Legal Futures: Top female lawyers’ careers squeezed by bias and harassment
Article featuring BSN’s Chair, Paulette Mastin
Repost: click here to read on the Legal Futures website
1 July 2020 Posted by Dan Bindman
The role of discrimination on the part of both general counsel and clients in disadvantaging female lawyers was revealed yesterday by a survey on improving diversity at partner level in law firms.
General counsel (GCs) were instructing female partners under a fifth of the time, it found, although women made up a much larger proportion of law firm partners overall.
Meanwhile, leading lawyers in top law firms have predicted that remote working as a result of Covid-19 will have a mixed impact on gender equality, with a potential positive effect for women in greater acceptance of flexible working, but also possible downsides for career development in terms of women’s visibility within firms.
The results of the survey, carried out by Thomson Reuters, were revealed at a webinar, Transforming women’s leadership in the law. Survey participants included nearly 50 magic circle law and other large commercial firms.
The survey found bias where male GCs, who make up around of 80% of general counsel around the world, were only instructing female partners 17% of the time. However, female GCs were little better, instructing only around 20% of their female counterparts.
According to the survey, 22% of top law firm equity partners were female. The picture was improving, with a third of new equity partners women, while non-equity partners made up 36%.
Client behaviours also contributed to the lack of gender diversity at partner level, the survey revealed.
Male clients tended to show bias towards male partners. Compounding this, the survey cited International Bar Association research from 2019, which showed one in five perpetrators of bullying and sexual harassment were clients.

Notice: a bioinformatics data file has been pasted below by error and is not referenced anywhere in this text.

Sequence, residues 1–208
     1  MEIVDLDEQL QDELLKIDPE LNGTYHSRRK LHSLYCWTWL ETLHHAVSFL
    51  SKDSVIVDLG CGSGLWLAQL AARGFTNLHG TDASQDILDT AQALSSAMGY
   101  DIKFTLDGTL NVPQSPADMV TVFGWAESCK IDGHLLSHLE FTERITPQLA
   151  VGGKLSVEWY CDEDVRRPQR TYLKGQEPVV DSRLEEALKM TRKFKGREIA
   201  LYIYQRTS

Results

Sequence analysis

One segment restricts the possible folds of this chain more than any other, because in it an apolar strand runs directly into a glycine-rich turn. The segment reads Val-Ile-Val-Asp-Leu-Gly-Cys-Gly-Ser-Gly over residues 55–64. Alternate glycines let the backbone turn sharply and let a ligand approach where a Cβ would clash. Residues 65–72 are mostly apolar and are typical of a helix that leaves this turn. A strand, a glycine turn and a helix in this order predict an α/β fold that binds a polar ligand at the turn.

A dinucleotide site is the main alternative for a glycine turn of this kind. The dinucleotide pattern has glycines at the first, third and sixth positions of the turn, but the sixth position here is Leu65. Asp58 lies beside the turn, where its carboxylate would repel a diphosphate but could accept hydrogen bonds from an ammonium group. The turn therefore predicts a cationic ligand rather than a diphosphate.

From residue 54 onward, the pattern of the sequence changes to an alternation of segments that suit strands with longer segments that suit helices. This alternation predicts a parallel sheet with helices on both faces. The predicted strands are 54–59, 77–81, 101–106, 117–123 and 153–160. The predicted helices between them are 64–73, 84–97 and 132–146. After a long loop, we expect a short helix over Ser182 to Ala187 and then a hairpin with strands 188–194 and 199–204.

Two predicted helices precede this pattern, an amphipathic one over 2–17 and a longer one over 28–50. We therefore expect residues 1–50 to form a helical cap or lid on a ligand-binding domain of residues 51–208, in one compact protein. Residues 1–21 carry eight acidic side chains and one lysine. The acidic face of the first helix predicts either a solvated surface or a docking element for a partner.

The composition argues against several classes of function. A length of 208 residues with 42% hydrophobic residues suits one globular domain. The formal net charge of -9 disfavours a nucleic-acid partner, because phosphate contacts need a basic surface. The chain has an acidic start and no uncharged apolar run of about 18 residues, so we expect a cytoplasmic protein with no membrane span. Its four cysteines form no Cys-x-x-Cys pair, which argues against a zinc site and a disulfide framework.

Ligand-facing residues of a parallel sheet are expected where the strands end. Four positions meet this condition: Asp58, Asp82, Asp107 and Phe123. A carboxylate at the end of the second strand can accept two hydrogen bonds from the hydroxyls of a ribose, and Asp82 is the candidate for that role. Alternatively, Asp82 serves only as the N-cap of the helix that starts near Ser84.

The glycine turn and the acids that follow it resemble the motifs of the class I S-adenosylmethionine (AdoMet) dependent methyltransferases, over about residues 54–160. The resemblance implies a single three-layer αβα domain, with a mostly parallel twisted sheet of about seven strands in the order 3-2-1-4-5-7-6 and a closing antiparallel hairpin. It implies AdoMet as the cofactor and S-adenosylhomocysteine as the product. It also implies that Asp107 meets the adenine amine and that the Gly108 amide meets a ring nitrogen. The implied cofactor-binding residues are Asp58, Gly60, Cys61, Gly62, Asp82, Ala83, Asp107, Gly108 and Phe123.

Lisa Hart Shepherd, Thomson Reuters Europe’s head of research and advisory services, said: “Thinking from the female lawyers perspective… You’re faced with bias away from using female lawyers on one side and then untoward behaviours on the other.”
The survey said male equity partners were paid 30% more than women on average.
The impact of the Covid-19 pandemic would have a mixed impact on senior women lawyers’ career prospects, the webinar panel predicted.
Ritva Sotamaa, Unilever’s chief legal officer, said: “We are already extremely agile but may change things significantly [because lockdown has shown remote working is effective], which may be an opportunity for people in different life situations… And often it’s women who feel the need to be at home more…
“But when you work in a virtual environment it also requires you to bring yourself forward in a different way… [which can better suit] some types of personality.”
Paulette Mastin, counsel at Linklaters, agreed. Lockdown was leading to changes in attitudes that could ease the path for women to take on senior roles and could be “a huge win” for gender diversity, she said.
“On the whole I think it is something of a breakthrough that there is a new respect for agile working…
“On the flip side though, remote working can impact on visibility in terms of getting career support and sponsorship. When you’re plugging away at your screen you miss those social cues, those interactions you would ordinarily have in the office; the insight, say, from a helpful colleague about a client opportunity.
“So the opportunity to build relationships is actually hindered by virtual working systems and I think one has to work that much harder at being more creative… when it comes to visibility and relationship building and connecting with others as part of advancing your career.”
Kevin Hogarth, global director of people and culture at Norton Rose Fulbright, concurred. “This crisis has certainly demonstrated we can operate our business [with remote working] where productivity doesn’t drop off the edge of a cliff…
“But our surveys show that the vast majority of staff don’t want to work remotely all of the time… and I think it’s harder to develop those organic relationships if you’re not in the office.
“Also, it won’t help with the unequal distribution of domestic work at home… So to the extent that is an impediment to women [the firm will have to have to take steps to counter it].”